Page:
With growing purchasing power comes increased protein consumption, and this is one of the many areas of opportunity Chapuran sees.
“By the numbers alone you can see China is a good export market,” Chapuran said. “We also think it is a good place to drive investment.”
In this export market, for example, one man’s offals are another’s prime cuts. The intestines and entrails of animals are popular in China, and with the scant local market for Chicken stomach, Chapuran is helping Chinese companies establish relationships with local food processing plants.
“Everything gets used,” Chapuran said.
This is one of many win-win situations that has built economic relations between Nebraska and China. In 2013 the country passed Japan to become the the most profitable overseas trade partner, third overall behind Canada and Mexico. In import dollars China is the state’s No. 1 supplier, pushing the total trade between the economies to $2 billion a year.
The Nebraska Department of Commerce has been beefing up its offices in response, hiring an international business development director, Mindy Ruffalo, with extensive experience in China, establishing a sister city and two sister provinces, opening offices in China, and developing an international transition team of private sector volunteers.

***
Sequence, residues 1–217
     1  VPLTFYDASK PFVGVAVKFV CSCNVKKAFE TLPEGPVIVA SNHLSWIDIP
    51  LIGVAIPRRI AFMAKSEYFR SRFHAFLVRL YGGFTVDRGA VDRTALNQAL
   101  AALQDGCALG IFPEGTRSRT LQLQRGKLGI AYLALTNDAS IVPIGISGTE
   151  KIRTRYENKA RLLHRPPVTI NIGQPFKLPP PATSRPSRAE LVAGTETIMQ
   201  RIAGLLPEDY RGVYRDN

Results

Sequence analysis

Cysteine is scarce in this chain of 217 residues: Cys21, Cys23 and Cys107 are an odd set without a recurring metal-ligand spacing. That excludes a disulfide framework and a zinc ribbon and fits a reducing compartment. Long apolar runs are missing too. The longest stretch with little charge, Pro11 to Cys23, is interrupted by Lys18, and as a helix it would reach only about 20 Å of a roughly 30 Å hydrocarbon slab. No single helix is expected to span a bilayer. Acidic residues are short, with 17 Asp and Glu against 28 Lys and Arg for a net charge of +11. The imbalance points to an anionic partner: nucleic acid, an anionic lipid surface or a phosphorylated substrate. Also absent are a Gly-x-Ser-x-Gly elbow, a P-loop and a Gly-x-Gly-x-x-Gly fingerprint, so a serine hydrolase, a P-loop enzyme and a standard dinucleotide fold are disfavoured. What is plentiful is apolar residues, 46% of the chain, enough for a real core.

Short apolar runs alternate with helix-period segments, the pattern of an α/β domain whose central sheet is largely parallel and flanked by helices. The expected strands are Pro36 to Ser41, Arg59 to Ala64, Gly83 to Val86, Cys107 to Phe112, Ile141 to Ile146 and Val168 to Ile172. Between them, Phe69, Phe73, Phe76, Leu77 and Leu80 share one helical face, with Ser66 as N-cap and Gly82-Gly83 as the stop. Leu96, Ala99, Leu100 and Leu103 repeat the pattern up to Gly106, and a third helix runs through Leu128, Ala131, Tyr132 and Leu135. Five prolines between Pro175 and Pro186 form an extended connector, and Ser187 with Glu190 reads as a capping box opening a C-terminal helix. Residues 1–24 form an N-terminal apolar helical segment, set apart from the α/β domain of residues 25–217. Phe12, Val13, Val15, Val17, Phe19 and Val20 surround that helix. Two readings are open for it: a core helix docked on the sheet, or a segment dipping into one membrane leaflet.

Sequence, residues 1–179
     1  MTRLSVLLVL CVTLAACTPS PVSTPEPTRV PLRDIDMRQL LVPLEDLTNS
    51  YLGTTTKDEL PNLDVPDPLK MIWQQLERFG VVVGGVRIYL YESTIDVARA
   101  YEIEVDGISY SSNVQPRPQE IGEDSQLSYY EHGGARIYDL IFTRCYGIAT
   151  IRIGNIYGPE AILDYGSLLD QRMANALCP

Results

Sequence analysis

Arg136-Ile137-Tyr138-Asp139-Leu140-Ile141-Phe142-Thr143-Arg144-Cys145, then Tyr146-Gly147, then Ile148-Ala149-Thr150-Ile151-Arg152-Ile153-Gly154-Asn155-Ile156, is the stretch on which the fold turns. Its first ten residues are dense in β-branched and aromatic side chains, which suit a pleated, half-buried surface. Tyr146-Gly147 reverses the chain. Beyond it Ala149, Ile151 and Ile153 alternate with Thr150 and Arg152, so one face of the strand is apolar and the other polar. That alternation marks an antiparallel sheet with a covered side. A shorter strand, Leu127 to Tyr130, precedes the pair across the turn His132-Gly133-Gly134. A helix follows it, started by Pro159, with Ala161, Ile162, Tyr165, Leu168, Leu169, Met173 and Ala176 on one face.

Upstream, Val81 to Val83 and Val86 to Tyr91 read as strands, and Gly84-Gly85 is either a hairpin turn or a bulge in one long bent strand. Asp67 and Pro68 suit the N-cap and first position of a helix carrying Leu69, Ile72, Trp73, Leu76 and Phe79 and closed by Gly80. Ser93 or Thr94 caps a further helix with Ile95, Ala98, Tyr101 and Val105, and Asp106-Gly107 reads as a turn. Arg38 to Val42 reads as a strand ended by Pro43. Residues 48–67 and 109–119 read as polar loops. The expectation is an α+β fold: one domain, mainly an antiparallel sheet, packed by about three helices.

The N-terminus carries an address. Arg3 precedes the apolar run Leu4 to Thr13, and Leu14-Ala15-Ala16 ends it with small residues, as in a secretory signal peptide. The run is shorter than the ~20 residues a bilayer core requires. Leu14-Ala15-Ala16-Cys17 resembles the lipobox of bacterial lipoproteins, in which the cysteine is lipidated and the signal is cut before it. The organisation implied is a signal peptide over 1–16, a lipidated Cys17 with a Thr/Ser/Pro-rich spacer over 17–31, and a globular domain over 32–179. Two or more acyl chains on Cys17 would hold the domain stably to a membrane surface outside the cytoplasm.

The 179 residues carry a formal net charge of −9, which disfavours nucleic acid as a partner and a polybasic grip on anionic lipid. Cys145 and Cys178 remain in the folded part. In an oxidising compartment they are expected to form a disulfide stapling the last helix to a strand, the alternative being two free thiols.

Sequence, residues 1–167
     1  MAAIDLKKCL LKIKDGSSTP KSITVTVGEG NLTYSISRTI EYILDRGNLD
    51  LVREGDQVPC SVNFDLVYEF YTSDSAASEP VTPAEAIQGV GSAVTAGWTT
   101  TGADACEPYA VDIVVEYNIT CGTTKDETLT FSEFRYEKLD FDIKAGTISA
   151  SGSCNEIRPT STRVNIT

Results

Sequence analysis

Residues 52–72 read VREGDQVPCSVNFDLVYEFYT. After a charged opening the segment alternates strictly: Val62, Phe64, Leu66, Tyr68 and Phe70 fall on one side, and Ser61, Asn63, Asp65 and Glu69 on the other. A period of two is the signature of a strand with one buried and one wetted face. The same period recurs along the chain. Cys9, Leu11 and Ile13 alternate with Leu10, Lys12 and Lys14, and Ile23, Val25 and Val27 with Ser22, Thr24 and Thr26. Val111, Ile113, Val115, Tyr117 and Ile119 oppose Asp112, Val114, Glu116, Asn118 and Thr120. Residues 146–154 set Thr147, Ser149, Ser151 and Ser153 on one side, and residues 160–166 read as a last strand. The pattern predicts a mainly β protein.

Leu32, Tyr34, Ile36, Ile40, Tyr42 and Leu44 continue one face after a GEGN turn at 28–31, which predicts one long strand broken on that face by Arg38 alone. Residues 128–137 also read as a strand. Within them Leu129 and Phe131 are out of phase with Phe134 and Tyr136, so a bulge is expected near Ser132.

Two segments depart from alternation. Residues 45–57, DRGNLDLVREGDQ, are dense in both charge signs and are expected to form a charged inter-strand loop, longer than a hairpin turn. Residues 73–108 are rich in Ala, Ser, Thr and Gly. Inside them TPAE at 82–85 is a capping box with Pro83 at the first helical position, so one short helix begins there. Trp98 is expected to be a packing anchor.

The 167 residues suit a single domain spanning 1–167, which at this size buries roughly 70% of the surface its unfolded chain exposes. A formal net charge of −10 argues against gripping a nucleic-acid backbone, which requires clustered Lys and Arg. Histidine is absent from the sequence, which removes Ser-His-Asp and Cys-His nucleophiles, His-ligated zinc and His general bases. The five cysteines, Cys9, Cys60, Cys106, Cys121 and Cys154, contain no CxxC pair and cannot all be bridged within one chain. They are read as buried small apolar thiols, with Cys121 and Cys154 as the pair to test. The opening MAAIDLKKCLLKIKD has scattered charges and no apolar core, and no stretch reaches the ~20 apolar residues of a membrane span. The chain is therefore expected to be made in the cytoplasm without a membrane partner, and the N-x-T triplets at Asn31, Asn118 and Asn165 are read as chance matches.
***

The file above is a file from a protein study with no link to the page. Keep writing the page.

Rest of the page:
The growth has given plenty of work for the Omaha Chinese Cultural Association (OCCA), offers translation and consultation services for Nebraska and Chinese companies, along with community programs.
“We have some of our own capabilities, but we need the OCCA as well,” Chapuran said. “They try to help both sides.”
The Nebraska Chamber of Commerce or local businesses will contact the OCCA for help arranging meetings, delegation of businessmen from China, and for recruitment assistance. This can mean anything from greeting people at the airport to sitting in on conference calls.
“We don’t got out and look for it,” Mei Li Keith, board member, said. “If they have questions they send us a request.
The Omaha Chamber of Commerce often works with Keith directly, but they have provided services for companies including Union Pacific, Conagra, Berkshire Hathaway shareholders meeting, UNMC and area schools.
“We will figure out what is happening with that project and try to recruit the business and people,” Steele said. “That is part of being a liaison trying to build that relationship between China and Nebraska.”
There are no professional translators of Chinese in Omaha, but some of the community members are certified. Keith will connect businesses with volunteers, who work out individual terms.